Romeo and Juliet, through their deaths, ended the feud between their parents. Their tragedy healed the rift that had caused so much violence.
Tom Robinson was dead. Atticus wanted to appeal, but Tom was shot seventeen times in the back, desperately trying to escape a world that he knew would offer him no justice.
But after her brother had been already hardened by the fact of that injustice, Jean Louise Finch looked at the novel’s other Other—deemed “Boo” Radley by the society that had decided he was a monster—and called him by his name: Arthur.
And in the novel’s final image, she stands on the Other’s porch and sees the world—her world—through his eyes.
If Boo Radley is a metaphor for the dehumanizing effects of Otherness, it takes Scout to move it forward.
It is our children who will guide us through the Sea of Troubles. And we have the honor and the duty, as teachers, of preparing them to do so. That is the true work of an educator.
In order to dismantle historically ingrained patterns and systems of oppression and inequality, our students must recognize them.
So the only way to, in good conscience, allow students to meet the Sea of Troubles that they will inevitably inherit, is to show them—to arm them against those systems and those patterns. Perhaps then, they’ll have the chance to do better than we’ve ever done…and write the new book.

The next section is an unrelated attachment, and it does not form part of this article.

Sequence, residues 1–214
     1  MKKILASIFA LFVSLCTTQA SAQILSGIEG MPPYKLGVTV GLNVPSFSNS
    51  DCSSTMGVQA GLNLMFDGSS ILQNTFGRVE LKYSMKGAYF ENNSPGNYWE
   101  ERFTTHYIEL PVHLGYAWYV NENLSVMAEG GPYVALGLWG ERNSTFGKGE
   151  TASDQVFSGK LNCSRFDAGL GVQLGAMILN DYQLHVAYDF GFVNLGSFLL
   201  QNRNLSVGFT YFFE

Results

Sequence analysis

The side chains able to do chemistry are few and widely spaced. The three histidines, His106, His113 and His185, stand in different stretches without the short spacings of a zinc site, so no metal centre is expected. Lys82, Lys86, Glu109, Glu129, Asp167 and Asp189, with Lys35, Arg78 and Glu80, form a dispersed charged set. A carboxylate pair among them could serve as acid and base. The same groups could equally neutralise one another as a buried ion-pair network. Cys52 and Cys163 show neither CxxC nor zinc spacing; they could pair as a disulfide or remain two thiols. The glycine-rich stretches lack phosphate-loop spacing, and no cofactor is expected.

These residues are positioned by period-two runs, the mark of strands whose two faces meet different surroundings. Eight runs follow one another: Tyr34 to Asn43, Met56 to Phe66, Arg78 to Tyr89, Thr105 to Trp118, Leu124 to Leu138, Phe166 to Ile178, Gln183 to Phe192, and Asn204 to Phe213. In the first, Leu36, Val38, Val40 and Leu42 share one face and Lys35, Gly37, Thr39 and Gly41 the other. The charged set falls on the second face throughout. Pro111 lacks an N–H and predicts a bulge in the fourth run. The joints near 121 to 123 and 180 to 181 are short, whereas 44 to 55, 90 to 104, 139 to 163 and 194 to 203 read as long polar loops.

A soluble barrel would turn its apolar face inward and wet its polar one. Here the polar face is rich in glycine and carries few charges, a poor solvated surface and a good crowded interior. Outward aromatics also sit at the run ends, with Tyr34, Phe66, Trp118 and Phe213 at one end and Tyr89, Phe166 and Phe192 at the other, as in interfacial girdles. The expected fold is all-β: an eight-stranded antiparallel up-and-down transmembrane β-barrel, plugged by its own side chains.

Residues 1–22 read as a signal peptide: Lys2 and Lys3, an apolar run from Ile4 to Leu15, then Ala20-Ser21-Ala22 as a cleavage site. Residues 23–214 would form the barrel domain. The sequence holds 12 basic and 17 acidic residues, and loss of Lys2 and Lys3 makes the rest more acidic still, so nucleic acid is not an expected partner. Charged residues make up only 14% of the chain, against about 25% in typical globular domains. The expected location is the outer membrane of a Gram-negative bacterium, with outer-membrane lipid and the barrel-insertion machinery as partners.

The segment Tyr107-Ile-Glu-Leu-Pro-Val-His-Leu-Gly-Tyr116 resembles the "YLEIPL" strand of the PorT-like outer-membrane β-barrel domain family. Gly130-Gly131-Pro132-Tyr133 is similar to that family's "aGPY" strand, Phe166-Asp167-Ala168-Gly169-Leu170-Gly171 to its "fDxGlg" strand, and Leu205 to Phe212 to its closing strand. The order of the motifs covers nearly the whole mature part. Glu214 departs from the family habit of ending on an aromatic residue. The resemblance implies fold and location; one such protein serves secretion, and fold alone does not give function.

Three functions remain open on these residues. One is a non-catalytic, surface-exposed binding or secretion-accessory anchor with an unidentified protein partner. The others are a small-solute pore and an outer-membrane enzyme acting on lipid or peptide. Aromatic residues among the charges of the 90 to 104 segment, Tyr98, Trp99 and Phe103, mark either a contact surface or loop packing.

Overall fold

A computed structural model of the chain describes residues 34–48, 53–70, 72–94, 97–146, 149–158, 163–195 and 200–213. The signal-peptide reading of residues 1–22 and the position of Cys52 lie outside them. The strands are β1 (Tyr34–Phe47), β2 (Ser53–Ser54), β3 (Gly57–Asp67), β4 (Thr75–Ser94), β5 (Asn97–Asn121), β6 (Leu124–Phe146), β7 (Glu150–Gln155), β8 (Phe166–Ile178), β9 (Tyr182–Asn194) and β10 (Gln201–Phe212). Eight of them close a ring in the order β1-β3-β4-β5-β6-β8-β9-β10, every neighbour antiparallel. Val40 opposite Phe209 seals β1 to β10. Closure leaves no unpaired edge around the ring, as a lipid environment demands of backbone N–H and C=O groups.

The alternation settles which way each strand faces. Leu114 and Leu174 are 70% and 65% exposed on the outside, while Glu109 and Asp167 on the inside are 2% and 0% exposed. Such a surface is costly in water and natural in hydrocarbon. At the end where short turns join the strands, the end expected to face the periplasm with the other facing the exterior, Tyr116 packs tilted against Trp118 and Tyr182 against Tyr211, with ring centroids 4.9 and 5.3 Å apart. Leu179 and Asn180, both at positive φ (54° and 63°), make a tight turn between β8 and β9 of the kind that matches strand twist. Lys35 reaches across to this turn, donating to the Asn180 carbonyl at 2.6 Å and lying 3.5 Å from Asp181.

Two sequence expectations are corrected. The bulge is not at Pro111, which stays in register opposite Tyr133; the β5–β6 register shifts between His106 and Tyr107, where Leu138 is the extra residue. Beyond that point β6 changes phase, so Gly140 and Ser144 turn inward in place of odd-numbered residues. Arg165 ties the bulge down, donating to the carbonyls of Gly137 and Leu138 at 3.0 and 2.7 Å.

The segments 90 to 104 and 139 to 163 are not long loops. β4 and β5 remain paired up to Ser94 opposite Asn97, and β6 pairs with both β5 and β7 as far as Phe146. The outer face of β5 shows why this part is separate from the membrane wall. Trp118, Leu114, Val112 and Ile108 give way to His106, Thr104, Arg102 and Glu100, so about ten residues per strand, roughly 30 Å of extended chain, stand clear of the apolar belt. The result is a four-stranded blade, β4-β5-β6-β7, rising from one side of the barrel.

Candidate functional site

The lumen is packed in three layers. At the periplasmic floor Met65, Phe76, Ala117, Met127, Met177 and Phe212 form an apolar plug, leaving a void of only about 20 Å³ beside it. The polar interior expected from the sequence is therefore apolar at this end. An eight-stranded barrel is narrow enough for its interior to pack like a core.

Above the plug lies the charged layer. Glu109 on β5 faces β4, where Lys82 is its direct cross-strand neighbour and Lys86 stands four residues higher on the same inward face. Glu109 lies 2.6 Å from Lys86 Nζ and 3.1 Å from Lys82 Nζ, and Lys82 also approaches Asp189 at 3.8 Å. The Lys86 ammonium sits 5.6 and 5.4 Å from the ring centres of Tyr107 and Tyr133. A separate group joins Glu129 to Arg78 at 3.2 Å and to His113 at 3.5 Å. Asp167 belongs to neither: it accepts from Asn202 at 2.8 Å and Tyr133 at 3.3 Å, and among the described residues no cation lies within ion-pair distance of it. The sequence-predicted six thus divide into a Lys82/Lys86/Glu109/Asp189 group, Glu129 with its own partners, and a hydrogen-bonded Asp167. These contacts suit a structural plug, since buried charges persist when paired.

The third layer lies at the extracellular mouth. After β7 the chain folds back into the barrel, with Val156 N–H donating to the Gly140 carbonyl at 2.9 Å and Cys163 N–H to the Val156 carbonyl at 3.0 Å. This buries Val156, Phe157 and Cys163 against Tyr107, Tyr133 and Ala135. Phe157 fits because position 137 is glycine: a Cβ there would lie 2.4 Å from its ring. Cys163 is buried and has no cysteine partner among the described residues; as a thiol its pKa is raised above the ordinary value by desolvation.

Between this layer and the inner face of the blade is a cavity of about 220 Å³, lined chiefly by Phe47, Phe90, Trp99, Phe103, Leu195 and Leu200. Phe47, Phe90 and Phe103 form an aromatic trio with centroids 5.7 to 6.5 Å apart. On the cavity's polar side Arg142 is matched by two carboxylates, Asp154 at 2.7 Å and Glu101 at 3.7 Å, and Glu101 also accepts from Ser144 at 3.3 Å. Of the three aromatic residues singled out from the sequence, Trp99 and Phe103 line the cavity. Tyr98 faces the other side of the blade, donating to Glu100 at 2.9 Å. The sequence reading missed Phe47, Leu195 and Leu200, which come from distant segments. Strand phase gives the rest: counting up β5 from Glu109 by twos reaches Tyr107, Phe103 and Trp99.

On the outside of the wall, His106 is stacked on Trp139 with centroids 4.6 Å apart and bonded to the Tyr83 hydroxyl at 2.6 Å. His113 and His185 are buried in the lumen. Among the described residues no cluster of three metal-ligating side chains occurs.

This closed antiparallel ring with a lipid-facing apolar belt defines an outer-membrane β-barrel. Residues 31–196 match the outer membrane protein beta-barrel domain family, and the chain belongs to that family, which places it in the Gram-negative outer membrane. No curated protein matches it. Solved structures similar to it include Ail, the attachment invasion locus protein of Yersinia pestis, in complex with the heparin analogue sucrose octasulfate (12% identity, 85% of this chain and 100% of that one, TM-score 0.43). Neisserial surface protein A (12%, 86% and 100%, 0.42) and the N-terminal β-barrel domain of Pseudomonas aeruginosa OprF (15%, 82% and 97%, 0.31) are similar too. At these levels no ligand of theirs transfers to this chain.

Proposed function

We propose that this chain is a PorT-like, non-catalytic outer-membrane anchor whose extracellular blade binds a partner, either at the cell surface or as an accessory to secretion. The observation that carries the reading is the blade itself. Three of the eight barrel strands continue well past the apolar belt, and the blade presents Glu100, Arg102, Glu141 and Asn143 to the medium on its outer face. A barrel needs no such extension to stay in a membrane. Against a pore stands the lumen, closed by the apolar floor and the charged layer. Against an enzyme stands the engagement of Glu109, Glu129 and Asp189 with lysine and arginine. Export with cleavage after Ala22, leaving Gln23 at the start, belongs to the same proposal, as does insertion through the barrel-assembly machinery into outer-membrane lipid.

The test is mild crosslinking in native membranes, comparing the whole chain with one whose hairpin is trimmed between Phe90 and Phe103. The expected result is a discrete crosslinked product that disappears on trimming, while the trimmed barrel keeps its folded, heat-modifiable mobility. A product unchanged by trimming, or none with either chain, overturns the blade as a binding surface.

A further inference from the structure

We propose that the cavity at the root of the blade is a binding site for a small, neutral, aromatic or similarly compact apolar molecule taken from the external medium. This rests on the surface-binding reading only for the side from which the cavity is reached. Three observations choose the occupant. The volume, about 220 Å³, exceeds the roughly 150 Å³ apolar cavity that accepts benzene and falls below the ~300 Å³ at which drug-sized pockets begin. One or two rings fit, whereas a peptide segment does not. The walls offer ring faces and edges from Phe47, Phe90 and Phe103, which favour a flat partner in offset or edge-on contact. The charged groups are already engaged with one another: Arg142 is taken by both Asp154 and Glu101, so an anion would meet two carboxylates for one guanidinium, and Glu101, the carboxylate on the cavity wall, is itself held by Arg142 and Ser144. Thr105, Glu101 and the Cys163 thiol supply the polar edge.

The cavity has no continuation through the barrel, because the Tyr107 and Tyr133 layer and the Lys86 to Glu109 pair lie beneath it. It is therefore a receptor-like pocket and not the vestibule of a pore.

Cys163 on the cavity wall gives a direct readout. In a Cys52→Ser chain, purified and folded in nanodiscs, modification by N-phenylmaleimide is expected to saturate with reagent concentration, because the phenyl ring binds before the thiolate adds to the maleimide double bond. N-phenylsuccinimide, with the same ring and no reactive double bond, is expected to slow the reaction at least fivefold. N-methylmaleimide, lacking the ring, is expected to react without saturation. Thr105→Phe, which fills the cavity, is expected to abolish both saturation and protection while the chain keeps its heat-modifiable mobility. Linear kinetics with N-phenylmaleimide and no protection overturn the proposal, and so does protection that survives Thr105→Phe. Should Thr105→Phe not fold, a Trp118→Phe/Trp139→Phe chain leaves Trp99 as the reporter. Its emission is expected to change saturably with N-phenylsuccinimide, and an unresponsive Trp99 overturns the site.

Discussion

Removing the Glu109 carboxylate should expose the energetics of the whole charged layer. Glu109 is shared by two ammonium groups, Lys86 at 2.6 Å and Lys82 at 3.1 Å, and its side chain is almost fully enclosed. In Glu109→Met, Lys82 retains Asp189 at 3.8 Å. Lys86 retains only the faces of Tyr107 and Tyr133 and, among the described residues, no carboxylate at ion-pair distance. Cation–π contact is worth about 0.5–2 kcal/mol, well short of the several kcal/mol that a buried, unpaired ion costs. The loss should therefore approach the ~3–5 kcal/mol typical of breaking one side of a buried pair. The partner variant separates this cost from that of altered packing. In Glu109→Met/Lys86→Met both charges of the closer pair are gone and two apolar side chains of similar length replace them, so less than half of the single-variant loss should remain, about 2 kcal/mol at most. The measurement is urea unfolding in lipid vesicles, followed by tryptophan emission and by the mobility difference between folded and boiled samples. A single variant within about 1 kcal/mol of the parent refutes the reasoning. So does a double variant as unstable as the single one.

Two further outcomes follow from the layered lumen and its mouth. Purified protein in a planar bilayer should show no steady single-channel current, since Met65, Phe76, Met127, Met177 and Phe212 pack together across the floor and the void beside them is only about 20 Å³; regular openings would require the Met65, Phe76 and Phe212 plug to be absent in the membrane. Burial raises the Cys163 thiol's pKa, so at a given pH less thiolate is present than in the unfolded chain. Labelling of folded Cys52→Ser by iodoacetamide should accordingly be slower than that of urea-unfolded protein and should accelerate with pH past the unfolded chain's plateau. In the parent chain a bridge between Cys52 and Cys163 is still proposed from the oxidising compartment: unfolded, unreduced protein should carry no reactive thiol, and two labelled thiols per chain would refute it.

About the Authors:
B. H. (or Bill) and Liz James met in 2008 when they were both young teachers in the English department at Franklin High School in Stockton. They fell in love and married in 2011, and published their first book together, “Method to the Madness: A Common Core Guide to Creating Critical Thinkers through the Study of Literature” in 2016. That book focused on making sure the shift to Common Core was not a shift away from rigor or high expectations in the classroom. Since 2016, Bill and Liz have worked with school districts all over California, bringing strategies they use in their socio-economically diverse Title 1 classroom in Stockton to teachers all over the state.
Their philosophy is simple: everyone craves and responds to great storytelling. Therefore, they insist on keeping challenging, difficult, often college-level material in their classroom–every classroom, despite age, so that students can truly understand literature.
In the midst of 2020, their new book, “A Sea of Troubles” was born. When they found themselves overwhelmed by not just the amount of pertinent news all around them, but the anxiety and uncertainty that accompanied such a daily deluge of (often troubling) information, they knew their students were dealing with it, too.